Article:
This post is also available in: French Malagasy

When I started my job as Northwest Regional Manager at Blue Ventures three years ago, my supervisor told me “the biggest challenge you will face is to reverse the dramatic loss of mangrove forests in northwest Madagascar.” Indeed the 140,000 hectares of precious mangroves forests in northwest Madagascar are under threat, with an annual deforestation rate of 3.74% in the Ambanja district, where people cut the wood for cooking and construction. These mangrove forests not only absorb huge amounts of carbon dioxide and provide a natural protective barrier against storms and flooding, but they also offer a safe haven for marine life, thus sustaining the livelihoods of coastal people. 

This is why in 2015, Blue Ventures launched an alternative fuelwood programme in Ambanja with an initial group of five fishers and farmers who were interested in planting trees, both as an alternative livelihood and as a sustainable source of charcoal that could eventually substitute mangrove charcoal. Currently, only 18% of the demand for charcoal in Ambanja and the nearby tourist hub, Nosy Be, can be met by sustainable fuelwood plantations, the rest comes mainly from illegally cutting mangrove forests. 

At first, this technique seemed a little complex”, said Manitriavy, one of the new fuelwood producers, “but after testing the improved methods, it became clear to me that this new technique was really adapted to our needs: it is not so different from our usual practice but the output and quality of the production is much better!”

The basic idea of an alternative fuelwood plantation is to plant fast-growing brown salwood trees (Acacia mangium), which can be harvested after only three or four years (depending on the surrounding conditions). When a tree is ready to be harvested, the extracted wood is burnt in a kiln to create charcoal – a process called carbonisation. The charcoal is then used by communities as a source of energy, predominantly for cooking. In northwest Madagascar’s towns, electricity can be unreliable; in the villages it is entirely absent, so electric cooking has never been an option.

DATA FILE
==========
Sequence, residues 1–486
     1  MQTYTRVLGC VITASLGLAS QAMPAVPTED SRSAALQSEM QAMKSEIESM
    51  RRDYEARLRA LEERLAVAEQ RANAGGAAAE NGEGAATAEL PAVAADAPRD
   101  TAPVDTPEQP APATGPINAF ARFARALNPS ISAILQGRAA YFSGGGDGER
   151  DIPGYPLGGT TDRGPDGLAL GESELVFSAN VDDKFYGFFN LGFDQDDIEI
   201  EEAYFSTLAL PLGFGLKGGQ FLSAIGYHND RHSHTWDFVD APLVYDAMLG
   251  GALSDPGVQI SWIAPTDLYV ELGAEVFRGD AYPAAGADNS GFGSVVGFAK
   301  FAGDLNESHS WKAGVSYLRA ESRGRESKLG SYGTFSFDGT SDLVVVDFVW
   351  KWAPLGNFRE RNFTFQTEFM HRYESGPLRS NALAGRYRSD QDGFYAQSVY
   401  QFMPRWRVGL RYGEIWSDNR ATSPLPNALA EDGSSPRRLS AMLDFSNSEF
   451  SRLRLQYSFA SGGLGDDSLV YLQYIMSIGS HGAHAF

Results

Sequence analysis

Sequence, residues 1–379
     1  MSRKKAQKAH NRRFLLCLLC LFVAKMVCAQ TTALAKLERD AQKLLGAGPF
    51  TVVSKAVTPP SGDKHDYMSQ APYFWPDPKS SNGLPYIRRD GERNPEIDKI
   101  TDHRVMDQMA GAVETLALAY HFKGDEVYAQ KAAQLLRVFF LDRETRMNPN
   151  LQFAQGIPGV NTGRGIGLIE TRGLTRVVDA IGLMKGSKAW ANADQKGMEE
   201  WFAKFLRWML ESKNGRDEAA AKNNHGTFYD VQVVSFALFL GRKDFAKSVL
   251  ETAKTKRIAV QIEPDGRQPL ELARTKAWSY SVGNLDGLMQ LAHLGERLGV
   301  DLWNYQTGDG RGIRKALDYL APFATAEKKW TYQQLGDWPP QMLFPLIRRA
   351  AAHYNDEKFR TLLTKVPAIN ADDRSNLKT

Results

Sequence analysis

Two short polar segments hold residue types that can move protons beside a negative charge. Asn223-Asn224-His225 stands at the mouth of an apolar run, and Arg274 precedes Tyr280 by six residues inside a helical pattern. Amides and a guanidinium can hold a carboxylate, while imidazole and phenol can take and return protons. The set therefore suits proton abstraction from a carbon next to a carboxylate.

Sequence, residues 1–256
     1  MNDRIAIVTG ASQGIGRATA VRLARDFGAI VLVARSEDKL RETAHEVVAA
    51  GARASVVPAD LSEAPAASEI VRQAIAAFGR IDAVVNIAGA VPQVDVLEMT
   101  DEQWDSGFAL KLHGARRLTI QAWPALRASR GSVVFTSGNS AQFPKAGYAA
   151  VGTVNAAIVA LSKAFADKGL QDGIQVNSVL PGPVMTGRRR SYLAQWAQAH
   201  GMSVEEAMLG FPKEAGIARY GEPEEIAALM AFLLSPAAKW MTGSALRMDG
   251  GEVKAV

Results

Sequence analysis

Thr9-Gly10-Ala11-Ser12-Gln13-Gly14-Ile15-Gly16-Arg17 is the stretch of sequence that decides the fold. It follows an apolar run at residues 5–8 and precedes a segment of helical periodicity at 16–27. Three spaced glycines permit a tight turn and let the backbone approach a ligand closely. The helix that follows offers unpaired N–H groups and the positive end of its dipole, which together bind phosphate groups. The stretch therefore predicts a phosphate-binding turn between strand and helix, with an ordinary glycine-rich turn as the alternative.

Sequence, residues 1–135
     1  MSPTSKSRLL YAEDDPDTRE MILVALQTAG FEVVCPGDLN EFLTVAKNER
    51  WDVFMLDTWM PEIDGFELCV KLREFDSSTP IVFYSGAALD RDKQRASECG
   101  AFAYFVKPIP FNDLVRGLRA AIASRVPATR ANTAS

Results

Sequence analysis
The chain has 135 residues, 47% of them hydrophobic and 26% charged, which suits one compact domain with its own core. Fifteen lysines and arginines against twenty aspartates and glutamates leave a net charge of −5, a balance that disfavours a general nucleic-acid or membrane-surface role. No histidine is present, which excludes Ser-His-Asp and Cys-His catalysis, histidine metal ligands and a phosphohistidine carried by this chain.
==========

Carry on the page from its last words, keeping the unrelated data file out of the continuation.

Over the past three years we’ve dedicated a great deal of time and effort to researching alternative energy sources for cooking. We were intrigued by some solar cookers which proved to be too expensive to run for the communities we work with. Similarly, we spoke to an innovative start-up that develops biodigesters – these were also too costly. We trialled some bio-briquettes made from cardboard in the city of Toliara in the southwest, but there is a limited supply of cardboard in the much smaller town of Ambanja here in the north. Our partner organisation for the alternative energy project, Nitidae, even explored the possibility of producing briquettes made from cashew nut shells, but there are very few cashew trees here.

Whilst all of the methods had their benefits, they each presented their own barrier. I realised there was no silver bullet for generating sustainable energy for cooking in this remote location, but that charcoal produced from brown salwood trees could definitely be part of the solution.

Manohizara, an alternative fuelwood producer in his plantation | Photo: Louise Jasper

Since the project launched in 2015, 40 producers have planted 105,000 trees, covering approximately 100 hectares. By 2020 the trees had grown tall; it was time to harvest. To support the producers through this process, we partnered with international NGO Nitidae, which develops innovative projects that preserve the environment while contributing to the local economy. They are experts in the field of value chains and sustainable energy, so were the ideal partner for this project.

Nitidae was going to support the fuelwood producers to gain more and better quality charcoal, by using more efficient carbonisation techniques instead of commonly used methods which tend to be improvised and result in worse quality and therefore less valuable charcoal.

Nitidae and Blue Ventures organised a meeting with the five producers who were ready to harvest their trees for charcoal, during which Anthony from Nitidae explained some simple yet efficient improvements that the training would cover. Firstly, the producers learnt about the process of drying the wood before burning it to avoid humidity developing in the kiln, which reduces efficiency. Secondly, they were also trained in how to place the wood in the kiln to increase the density, as well as how to seal it with sand and leaves so that smoke and heat can’t escape.